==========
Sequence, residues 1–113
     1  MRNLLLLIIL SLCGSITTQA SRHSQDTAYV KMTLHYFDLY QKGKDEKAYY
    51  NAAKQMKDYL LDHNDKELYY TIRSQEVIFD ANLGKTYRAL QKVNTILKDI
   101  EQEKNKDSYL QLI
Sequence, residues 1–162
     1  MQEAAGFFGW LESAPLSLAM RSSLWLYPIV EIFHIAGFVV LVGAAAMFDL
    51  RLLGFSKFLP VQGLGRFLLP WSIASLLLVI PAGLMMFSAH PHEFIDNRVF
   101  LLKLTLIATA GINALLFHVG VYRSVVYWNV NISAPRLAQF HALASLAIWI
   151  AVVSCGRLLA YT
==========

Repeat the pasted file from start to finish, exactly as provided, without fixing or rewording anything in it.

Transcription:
Sequence, residues 1–113
     1  MRNLLLLIIL SLCGSITTQA SRHSQDTAYV KMTLHYFDLY QKGKDEKAYY
    51  NAAKQMKDYL LDHNDKELYY TIRSQEVIFD ANLGKTYRAL QKVNTILKDI
   101  EQEKNKDSYL QLI
Sequence, residues 1–162
     1  MQEAAGFFGW LESAPLSLAM RSSLWLYPIV EIFHIAGFVV LVGAAAMFDL
    51  RLLGFSKFLP VQGLGRFLLP WSIASLLLVI PAGLMMFSAH PHEFIDNRVF
   101  LLKLTLIATA GINALLFHVG VYRSVVYWNV NISAPRLAQF HALASLAIWI
   151  AVVSCGRLLA YT